The Martyrdom of St. Ursula

In this episode, we return to the realm of legends. This time we meet Ursula, a Breton princess. With her eleven or eleven thousand (!) virgin girlfriends, she is on her way back from a pilgrimage to Rome. This pilgrimage was supposed to be her bachelorette party for the strictly devout Christian princess from northwestern Gaul. On the way back home, she also passes Cologne by ship. But the Huns are besieging the city at this time. And no one less than Attila the Hun has an eye on the beautiful Ursula. What happens then is well known to every child growing up in Cologne. So it’s time you learned it, too.

Ursula’s martyrdom in art

The massacre of Saint Ursula and her eleven thousand virgins by the french painter Jean Bourdichon (made between 1503-1508)

Depiction of St. Ursula’s martyrdom by an unknow painter in the 16th century.

The Maryrium of St. Ursula in a woodcut from 1499.

Church of St. Ursula in Cologne

Von Hans Peter Schaefer –> Hps-poll –, CC BY-SA 3.0,

The church of St. Ursula in Cologne. One of the oldest churches in Cologne and north of the Alpes in Europe.

St. Ursula Koeln – Ursulabuesten und Schreine Von © Raimond Spekking / CC BY-SA 4.0 (via Wikimedia Commons), CC BY-SA 4.0,

Ursula busts and her shrine in the choir of St. Ursula’s church.

By Kevin Lakhani – Own work, CC BY-SA 3.0,

One of the walls I mentioned in the episode in that one chamber that contains thousands of bones in the church of St. Ursula.

Von Hans Peter Schaefer –> Hps-poll, – own work, first upload in de wikipedia on 07:39, 3. Apr 2005 by Hps-poll, CC BY-SA 3.0,

The room is just filled with bones, busts and relics.


Relics like this decorated bone I photographed in Speyer Cathedral, in the city of Speyer in Rhineland-Palatinate, were highly coveted in the Middle Ages as objects of veneration. And Cologne was one of the biggest producer and seller of them far and wide. It made the city and its inhabitants rich.

The small coat of arms of the city of Cologne. With the 11 tears / flames / ermine tails representing the martyrdom of St. Ursula.

The billygoat Hennes IX.

Link to his Livestream here

Hendrik Lennarz, CC BY 2.0, via Wikimedia Commons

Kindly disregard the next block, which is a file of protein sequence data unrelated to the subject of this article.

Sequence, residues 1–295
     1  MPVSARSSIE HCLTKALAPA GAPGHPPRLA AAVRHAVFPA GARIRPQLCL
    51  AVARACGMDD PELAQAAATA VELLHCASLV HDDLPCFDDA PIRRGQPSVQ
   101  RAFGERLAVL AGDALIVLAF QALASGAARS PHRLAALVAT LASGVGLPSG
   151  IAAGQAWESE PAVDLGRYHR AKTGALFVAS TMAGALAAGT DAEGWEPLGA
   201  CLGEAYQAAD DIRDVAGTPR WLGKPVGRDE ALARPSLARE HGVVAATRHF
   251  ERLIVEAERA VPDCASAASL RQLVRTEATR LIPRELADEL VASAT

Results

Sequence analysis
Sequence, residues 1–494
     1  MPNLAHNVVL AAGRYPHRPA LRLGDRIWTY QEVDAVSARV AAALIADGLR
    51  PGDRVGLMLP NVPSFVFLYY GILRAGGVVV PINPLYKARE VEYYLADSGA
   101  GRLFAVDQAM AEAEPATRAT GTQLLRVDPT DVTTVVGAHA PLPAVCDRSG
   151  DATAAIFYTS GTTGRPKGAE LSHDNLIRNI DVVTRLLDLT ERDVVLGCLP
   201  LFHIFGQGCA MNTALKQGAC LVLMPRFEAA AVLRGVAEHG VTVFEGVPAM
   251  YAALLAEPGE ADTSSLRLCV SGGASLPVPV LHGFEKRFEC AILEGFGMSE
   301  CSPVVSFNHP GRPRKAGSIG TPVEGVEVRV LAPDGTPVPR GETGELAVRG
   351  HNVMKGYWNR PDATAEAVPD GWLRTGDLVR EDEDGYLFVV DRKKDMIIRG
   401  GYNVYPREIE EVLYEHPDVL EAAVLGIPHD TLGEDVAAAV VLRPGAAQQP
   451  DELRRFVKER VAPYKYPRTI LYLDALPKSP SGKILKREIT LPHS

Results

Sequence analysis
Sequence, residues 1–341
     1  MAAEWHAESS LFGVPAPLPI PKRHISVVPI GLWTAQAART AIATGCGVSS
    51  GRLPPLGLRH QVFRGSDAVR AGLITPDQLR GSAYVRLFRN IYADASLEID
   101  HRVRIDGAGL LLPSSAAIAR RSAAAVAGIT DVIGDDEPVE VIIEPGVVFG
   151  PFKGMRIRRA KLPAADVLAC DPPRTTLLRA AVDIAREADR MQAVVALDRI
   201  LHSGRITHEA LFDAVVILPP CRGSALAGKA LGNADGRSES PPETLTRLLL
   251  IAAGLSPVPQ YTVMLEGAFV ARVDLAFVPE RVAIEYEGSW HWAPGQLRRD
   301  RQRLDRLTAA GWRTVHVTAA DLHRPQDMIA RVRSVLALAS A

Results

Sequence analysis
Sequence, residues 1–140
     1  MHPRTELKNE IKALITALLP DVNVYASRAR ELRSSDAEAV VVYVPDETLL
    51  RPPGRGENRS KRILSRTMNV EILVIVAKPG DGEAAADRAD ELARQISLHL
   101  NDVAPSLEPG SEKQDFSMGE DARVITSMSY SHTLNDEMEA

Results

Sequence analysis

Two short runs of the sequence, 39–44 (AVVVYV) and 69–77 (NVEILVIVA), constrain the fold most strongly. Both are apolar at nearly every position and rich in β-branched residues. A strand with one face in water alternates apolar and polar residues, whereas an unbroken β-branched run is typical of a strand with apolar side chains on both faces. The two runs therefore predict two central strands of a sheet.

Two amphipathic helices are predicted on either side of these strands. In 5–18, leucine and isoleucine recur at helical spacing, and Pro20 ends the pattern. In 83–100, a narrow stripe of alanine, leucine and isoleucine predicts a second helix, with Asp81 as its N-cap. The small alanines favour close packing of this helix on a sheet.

The predecessor of today’s mascot: Hennes VIII.

5 thoughts on “The Martyrdom of St. Ursula

  1. If visiting Cologne (when Covid is not an issue) the Shreckenskammer Brauhaus is connected to the St. Ursula building and it’s a great atmosphere to sit and take in Cologne atmosphere and enjoy a Kölsch. One of my favorite places. I hope it’s still open. I have heard a few versions of Ursala told in “Legend” format, both in English and German, and yours is told in a more “historical” fashion, and was really engaging, and fun to hear. It’s a terrible story. But you told it well.

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  2. One of my favorite places to hang out in Cologne is the Schreckenskammer. This is a Kölsch Brauhaus connected to the St. Ursula Church site. It’s a great place to sit and feel the centuries of history in the area. I like how you told the story as a historian. I have read and heard other versions told as “legend” but your take was really engaging.

    Liked by 1 person

  3. The feast of Ursula lies between the Roman celebration of the Armilustrium and the fire of Isis on November 3rd. The arrow came from Mars and the ship from Isis. In addition, the holiday on October 21 was ideal for orientation, because in the 11th century Arcturus from the constellation of the Bear Guardian was exactly in the east. It is then only a small step from Arcturus, the bear keeper, to Ursula.

    Liked by 1 person

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